Timothy Geithner said today that, while the economy is showing signs of recovery, unemployment will probably continue to rise.
Is this news?
Correct me if I’m wrong, but it has been my understanding that the interests of workers and investors have almost always been opposed—that is, stocks become more valuable as public companies make greater profits, and a fairly typical way to raise profits is to downsize, that is, fire current employees … in some cases, these are employees deemed “redundant”; in others, these are employees replaceable by vendors, often overseas.
About a week ago, I heard someone on the radio saying that consumer spending has been high now for the past two months, which is to say that, except for big ticket items that require big-ticket loans—hard to get for some time now—people have continued to shop, just as we’ve been so well conditioned to do. (Wal-Mart, for instance, has been virtually recession-proof.)
What people had stopped buying were stocks, favoring instead actual goods and services, and who can blame us? Besides, now that most employers have replaced pensions and in-house retirement plans with 401(k)s and the like, and with big-end employers dropping redundant employees and viewing more and more of their employees as expendable, is it no wonder then that the rank-and-file workers (or former workers) have been stuffing their 401(k)s less and less?
Banks and auto companies and others, for all I know, have long been propping up the illusion of profits in large part by trimming expenditures—typically in the form of workers’ paychecks. Remaining employees were often urged, with a certain level of snide bathos, to “do more with less.”
So, isn’t it to be expected that a good share of America’s “economic recovery” means a recovery for investors—not so much for workers? and won’t attendant crackdowns on bad loans, foreclosures, and stricter conditions for credit mainly benefit the well off, while the working middle class and poor are … well … having to do even more with even less?
Then, later, this afternoon, while channel-surfing, I caught a bit of the 2006 documentary Maxed Out: Hard Times, Easy Credit, and the Era of Predatory Lenders, which, given my persistent state of being chin deep in debt, I owe myself to watch through someday. The bit I saw convincingly depicted the ways, nefarious but entirely legal, the better off are able to relieve the worse off of their money by exploiting the poor’s ignorance, trust, basic decency, and fear—and, having done so, to view the poor with contempt, anger, and smug self-justification for their supposed stupidity and laziness.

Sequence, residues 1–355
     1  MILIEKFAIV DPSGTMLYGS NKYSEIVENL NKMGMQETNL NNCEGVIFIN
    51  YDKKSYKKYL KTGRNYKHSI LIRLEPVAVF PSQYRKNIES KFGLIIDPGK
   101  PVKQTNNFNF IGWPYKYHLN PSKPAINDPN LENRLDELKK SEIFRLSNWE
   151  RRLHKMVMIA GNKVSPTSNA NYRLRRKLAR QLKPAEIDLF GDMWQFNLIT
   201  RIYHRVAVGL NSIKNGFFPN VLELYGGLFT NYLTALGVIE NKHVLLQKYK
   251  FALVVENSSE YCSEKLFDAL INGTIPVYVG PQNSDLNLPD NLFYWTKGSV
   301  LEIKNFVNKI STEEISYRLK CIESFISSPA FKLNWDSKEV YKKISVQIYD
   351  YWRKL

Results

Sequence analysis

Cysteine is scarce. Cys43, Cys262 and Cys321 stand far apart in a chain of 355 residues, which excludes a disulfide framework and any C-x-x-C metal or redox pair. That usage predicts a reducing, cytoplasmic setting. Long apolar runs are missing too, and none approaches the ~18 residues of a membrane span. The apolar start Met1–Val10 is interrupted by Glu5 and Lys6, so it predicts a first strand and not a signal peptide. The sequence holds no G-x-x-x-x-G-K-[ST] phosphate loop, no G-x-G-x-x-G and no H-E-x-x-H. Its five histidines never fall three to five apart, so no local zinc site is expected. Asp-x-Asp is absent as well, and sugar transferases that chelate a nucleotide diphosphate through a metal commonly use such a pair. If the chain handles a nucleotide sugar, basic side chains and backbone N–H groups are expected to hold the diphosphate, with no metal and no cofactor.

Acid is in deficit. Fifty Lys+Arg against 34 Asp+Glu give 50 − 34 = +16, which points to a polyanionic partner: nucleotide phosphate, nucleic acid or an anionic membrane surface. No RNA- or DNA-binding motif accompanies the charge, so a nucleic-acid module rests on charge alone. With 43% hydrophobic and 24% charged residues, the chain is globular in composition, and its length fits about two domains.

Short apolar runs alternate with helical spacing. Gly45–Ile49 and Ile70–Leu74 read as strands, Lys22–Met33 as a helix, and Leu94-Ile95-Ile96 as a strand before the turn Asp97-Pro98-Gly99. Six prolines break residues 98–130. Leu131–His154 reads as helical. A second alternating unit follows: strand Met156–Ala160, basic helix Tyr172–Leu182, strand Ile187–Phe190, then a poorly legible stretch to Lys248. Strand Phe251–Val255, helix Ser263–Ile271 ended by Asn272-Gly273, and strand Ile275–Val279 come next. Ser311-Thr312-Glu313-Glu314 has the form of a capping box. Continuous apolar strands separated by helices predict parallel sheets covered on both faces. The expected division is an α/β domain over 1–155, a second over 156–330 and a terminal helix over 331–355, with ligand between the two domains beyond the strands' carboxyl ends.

The part of the film I saw emphasized that it has been the high-risk borrowers—those for whom repayment at a (usually high) rate of interest is both hard and, increasingly, as fees and interest accumulate, improbable—who have provided lenders with a good 50 percent of the lenders’ profits. Mostly, these profits occur in the ways lenders are able to sell bad debt to collection agencies, but I also imagine that these borrowers, naïve in the ways of money and credit, are also less likely to be diligent in keeping an eye on their accounts, while also being less likely to seek legal escapes such as bankruptcy, either out of ignorance or out of a high sense of duty to repay a debt—even to the point of personal catastrophe.
Hasn’t a big bone of contention about those drafting recovery plans been how much (if at all) to help poor workers and to either protect their jobs or provide needed services in the absence of gainful employment—or, now anyway, savings? The recovery money—and forget for a second the fatuous ways that this money is being generated … out of thin air—is mainly aimed at CEOs and the big investors, isn’t it? And it is in these people’s interests to cut employment even further, to restore some appearance of profit, right?
After slavery, poor workers—mostly migrant or otherwise short-term employees—were encouraged to owe—and owe big—to the company store and/or to accept scrip, instead of legal tender, for payment. As time progresses, especially for the better paid workers, this system has been elaborate to the point of invisibility—but it appears that it’s been quite a while since productive labor has provided anyone with a way out of poverty and debt.
I’m a reasonably intelligent man, but, sometimes distressingly, I’ve never been money wise, partly because I have not educated myself in this area and partly because the pursuit of money has never been my particular talent or my idea of living well. I’m unlikely to change now, much to my loss, perhaps. Still, I’ve wised up enough to recognize that the cards are stacked against me and others like me, and to recognize that the media and economic savants largely sway me to identify needs antithetical to my own as requiring my preeminent consideration and self-sacrifice.
The more I come to understand the current crisis, the more it seems to me that the rot is widespread and old, old, old, going back over a hundred years, and, more often than not, masquerading as cleverness, diligence, equal opportunity, and free choice.